So what's the problem with Zuckerberg? Well, there's the obvious, which is that he's neither particularly attractive nor charismatic, unlike Emmanuel Macron, another rich centrist outsider who he's sure to be compared to. There's also something robotic about him, and something smug, a sense that he believes he's better than us.

But these are somewhat shallow concerns, and there are deeper faults to consider.

Let's start with Facebook, and more broadly the great experiment in social media that it initiated. It's too soon to say whether social media was good for the country, or for that matter the world. But at this point it's evident that there exist major downsides to all of the programs that keep us in constant, instant contact.

Facebook is the place where people lie to their friends. Everyone on Facebook is doing well, is happy, is loved and loves others. Look at this party I went to! Look at my beautiful new nephew! Meanwhile, back in "meat space" – to use the Silicon Valley term – we know these people, or at least some of them, and realize that their lives are harder and sadder than they're letting on.

We see pictures of the party, but not the hangover. We see the baby, but have heard how the family is fraying, and that the dad can't keep a job. On social media, every one of us is a brand and therefore must think like one. People used to hold the advertising industry in low esteem, but the mechanics of worlds like Facebook are a heavy incentive for everyone to think and act like their own personal Don Draper. Perhaps this isn't entirely a bad thing, but it's distorted the way we look at ourselves and each other in ways we're only beginning to understand.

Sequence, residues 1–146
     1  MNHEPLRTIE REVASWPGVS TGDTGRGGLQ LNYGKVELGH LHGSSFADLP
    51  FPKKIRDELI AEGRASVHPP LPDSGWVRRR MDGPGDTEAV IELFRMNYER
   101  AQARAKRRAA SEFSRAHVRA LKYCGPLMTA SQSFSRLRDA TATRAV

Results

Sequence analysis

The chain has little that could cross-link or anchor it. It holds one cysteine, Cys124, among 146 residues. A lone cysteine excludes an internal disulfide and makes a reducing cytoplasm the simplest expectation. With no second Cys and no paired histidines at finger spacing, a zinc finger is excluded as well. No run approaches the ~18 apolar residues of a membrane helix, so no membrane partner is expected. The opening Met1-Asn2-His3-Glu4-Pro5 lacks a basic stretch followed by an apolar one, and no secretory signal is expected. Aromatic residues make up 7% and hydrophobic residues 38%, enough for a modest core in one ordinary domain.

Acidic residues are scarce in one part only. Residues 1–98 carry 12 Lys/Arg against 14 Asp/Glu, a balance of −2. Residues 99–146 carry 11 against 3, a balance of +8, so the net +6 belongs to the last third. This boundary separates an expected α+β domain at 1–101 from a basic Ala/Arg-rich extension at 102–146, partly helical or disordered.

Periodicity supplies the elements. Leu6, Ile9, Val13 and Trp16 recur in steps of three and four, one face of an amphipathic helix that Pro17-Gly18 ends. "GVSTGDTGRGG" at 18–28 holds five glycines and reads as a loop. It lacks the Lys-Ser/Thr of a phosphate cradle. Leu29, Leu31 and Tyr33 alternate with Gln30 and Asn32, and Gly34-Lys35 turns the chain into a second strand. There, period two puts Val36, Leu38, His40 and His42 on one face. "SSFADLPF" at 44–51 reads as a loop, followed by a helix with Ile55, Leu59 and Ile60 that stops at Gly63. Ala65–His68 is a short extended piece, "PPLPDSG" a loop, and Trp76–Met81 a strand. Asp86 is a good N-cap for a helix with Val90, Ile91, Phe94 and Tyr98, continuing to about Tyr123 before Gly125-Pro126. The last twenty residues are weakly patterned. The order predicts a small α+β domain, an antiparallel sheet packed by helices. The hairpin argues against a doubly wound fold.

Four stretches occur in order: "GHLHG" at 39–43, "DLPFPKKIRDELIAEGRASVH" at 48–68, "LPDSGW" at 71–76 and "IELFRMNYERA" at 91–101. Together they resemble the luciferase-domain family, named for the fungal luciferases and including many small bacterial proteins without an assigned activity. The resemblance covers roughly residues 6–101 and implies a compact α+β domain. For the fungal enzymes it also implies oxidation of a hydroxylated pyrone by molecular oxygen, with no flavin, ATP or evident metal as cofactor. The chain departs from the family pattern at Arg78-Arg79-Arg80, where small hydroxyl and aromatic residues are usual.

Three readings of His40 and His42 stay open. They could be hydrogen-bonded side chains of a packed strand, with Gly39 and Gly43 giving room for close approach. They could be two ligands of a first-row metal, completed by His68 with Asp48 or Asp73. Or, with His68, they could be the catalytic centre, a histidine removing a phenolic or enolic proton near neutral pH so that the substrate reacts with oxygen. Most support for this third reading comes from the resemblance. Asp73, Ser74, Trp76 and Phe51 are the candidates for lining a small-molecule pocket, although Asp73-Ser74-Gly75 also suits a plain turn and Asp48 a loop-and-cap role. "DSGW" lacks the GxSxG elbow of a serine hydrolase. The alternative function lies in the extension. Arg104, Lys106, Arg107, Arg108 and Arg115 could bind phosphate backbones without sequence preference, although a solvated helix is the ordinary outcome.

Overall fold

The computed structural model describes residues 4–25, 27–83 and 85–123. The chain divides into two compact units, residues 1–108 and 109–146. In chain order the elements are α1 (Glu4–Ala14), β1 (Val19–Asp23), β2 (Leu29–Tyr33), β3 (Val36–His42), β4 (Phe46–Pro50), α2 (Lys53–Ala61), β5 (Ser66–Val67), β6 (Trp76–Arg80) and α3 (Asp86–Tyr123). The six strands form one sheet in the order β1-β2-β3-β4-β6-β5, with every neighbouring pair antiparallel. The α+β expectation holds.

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Facebook is probably the most anodyne of social media networks, which is saying something considering how the "fake news" published there is now supposedly a threat to Western democracy. Still, it's better than the amazing cruelty seen everyday on Twitter, so it's perhaps fair to give Zuckerberg a bit of a pass.

But we also need to consider what a Zuckerberg presidency would represent – a capitulation to Silicon Valley and it's way of thinking about the world. Our government is human, and therefore deeply imperfect, but at least our sweaty retail politicians tend to see voters as the flesh-and-blood people that they are.

The titans of the new economy, meanwhile, don't see people like that; instead, they see numbers that fit into grand algorithms, with appetites and desires and grudges that can all be quantified and manipulated. Zuckerberg is this philosophy in human form, and would look at America the way Robert McNamara looked at Vietnam – as a set of problems to be worked out on a spreadsheet.

There are tremendous dangers to this worldview, whatever benefits it could provide in terms of efficiency and output and metrics like that. There's a soullessness to it that we all recognize, and should Zuckerberg eventually make the jump into politics, it's an issue that will dog him the entire time.